When I was first learning to code, I would Google things like “programming for beginners”, “what is coding?” and “learning to code”. My search efforts would return tons of great resources for people who already know a little bit about computers, and are not completely intimidated by words like “algorithm”. Many of the search results assume you know what a “console” is, are already comfortable with words like “variables” and “data types”, or what a “platform” is. If you don’t already know these things, do not worry about them! I think there is a level of beginner explanation that is just plain difficult to find. Just to be clear, I recognize that there are tons of great beginner resources out there…I just found myself wishing for an even more novice level of basic description. With this in mind, I’m going to attempt to offer my own supplement, and explain programming in a way that makes sense to me and might appeal to a broad array of non-programmers.
This seems like a particularly relevant thing to do now, since this isComputer Science Education Week (Dec. 8 – 14). All this week, millions of children around the world will participate in “An Hour of Code“. This is a challenge to teachers, administrators, community members, and families to offer children “a one-hour introduction to computer science, designed to demystify code and show that anybody can learn the basics.”Code.orgis organizing and promoting this challenge, and they offer tons of great resources on their website.
Note: Although some argue that there are differences, I use “coding” and “programming” interchangeably throughout this post in reference to “the act of writing computer programs”.
Keep reading if:
You have ever wondered about coding/programming
You have never wondered about coding/programming (because it is never too late to start!)
You have tried to look up coding and programming before, and didn’t gain a whole lot of understanding
You do not consider yourself very tech-savvy or computer literate
You are curious about how someone who meets the above criteria might explain programming
You are curious what children are actually learning from beginner tutorials
As the 2014 Hour of Code challenge offered by Code.org draws near (Dec. 8-12), I wanted to spend a little time with the history of what has gotten us to the place we are in today. To many educators, the ideas of edtech and coding in schools still seems far off and mysterious. However, the innovators who embrace these ideas are incorporating them into learning experiences and seeing children become inspired and motivated by code.
From 1980 to 2003, technology moved forward, but what moved backward? Examined through the lens of two thinkers: Seymour Papert and Why the Lucky Stiff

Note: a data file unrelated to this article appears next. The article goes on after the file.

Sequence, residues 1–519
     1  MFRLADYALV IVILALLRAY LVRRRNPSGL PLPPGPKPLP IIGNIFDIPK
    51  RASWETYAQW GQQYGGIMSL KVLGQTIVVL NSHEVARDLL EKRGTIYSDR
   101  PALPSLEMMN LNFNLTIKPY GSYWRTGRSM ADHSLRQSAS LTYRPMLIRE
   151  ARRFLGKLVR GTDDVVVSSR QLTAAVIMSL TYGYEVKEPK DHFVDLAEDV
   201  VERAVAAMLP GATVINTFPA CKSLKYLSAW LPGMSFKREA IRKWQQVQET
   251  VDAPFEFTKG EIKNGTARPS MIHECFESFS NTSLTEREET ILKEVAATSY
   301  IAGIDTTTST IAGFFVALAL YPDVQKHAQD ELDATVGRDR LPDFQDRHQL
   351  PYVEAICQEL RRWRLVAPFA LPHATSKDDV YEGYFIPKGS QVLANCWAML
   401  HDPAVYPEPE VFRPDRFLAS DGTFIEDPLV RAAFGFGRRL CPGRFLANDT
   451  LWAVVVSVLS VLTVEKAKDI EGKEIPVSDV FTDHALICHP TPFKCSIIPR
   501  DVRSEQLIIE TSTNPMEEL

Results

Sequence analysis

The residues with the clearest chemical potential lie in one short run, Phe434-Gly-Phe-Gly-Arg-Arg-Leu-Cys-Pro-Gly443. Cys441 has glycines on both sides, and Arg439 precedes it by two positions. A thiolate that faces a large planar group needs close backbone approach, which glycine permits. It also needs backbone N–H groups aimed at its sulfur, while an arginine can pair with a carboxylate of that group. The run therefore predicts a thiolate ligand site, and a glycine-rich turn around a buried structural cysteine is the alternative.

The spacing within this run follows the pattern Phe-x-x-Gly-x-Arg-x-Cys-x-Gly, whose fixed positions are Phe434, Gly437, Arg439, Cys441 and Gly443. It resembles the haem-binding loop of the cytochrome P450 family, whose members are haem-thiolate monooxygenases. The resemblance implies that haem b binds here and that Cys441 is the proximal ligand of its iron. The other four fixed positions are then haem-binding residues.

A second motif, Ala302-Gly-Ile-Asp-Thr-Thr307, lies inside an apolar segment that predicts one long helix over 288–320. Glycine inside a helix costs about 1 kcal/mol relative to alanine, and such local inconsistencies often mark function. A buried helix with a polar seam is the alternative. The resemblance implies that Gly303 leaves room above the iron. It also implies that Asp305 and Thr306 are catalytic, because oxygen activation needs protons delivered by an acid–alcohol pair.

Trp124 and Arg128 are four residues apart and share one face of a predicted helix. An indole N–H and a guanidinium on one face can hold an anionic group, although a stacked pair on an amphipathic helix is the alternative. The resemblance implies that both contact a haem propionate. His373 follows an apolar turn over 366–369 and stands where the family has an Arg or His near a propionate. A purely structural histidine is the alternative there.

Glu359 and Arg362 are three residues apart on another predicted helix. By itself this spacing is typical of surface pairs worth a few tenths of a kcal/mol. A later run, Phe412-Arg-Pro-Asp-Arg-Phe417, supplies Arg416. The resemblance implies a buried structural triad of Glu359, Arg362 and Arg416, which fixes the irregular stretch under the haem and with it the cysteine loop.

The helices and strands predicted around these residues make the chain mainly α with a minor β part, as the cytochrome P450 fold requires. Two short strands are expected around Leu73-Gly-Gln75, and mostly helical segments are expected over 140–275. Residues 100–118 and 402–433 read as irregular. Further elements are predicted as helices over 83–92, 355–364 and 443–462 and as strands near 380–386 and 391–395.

Papert and _why are indeed very different types of thinkers. Papert was a scholar, rooted in academia and with time logged collaborating with constructivist learning theorist Jean Piaget. _why was a self-proclaimed “freelance professor”, who created art, code, and everything in between as tools for social provocation and advocacy. I refer to them both in the past tense because while both are still alive, neither are actively engaged in the contemporary public conversation. Their work and legacies are what live on and serve as inspiration.
In 2003, _why wrote an essay titled: The Little Coder’s Predicament, specifically calling to task all the companies who have systematically been adding layers of features, regulation and security to their technology. These anti-piracy measures had resulted in a societal distancing from the understanding of code, and a lack of ability to access actual code.
…I’m thinking a toy language for consoles and desktops alike could be monumental…
…You’ve got to be able to write a single line of code and see a result. We need some instant results to give absolute beginners confidence…
…Tinkering with hardware is learning. Lobotomizing and renovating is meaningful, magical. On behalf of those who prefer to code, I make these wishes. Not to take away jobs from the Phillips screwdriver…. (2003 essay)
In my post on the Logo, I share that Papert advocated for his dream of children being able to program. He called for easy and accessible tools almost 20 years before _why’s plea. In his essay, _why reminisced about the era of being able to program directly from your Commodore 64, or Atari 800 (which was the very same era that Papert was working on Logo with his MIT team). So what happened between Papert’s call for accessibility in 1980 and _why’s call for accessibility in 2003?
Advancement. Piracy. Fear.
Innovation has driven a more user-friendly experience. However, the more user-friendly the experience, the deeper the code becomes buried. Companies are creating better and better tools, and protecting them more and more fiercely. The more protections, the harder the code is to access. Everything in technology has gotten faster, better, closer, more useable, more understandable…except the code. In the 2003 environment in which _why wrote his article, there were many barriers to children getting involved in coding because it was so hard to get to the code and be able to play with it.
These are my original goals identified two months ago when I started this project:
Goal #1: Learn to code
Goal #2: Write a blog about my learning in order to process my thinking, share with other people, and gain insights from readers.
I have learned a great deal since I started working toward these goals almost 2 months ago, but have recently identified an unexpected outcome: I’ve begun to consume and process my technological experiences differently. (Clarification: This outcome was unexpected to me…not necessarily anyone else!) Continue reading →
If metacognition can be considered a hobby, then it is definitely one of mine. (I fully realize how nerdy that sounds.)
I love thinking about thinking! When you work with young children, you have to become a “thought detective”. Young children’s brains are developing so quickly and efficiently, and teachers have to know how to support that. We have to be able to speak and interpret lots of different languages, many of which are nonverbal. In order to do this, we have to really dig deep into our own analytical brains and constantly evaluate and reevaluate things we see happening in front of us.
We have to be able to think about children’s thinking, but also about our own! Continue reading →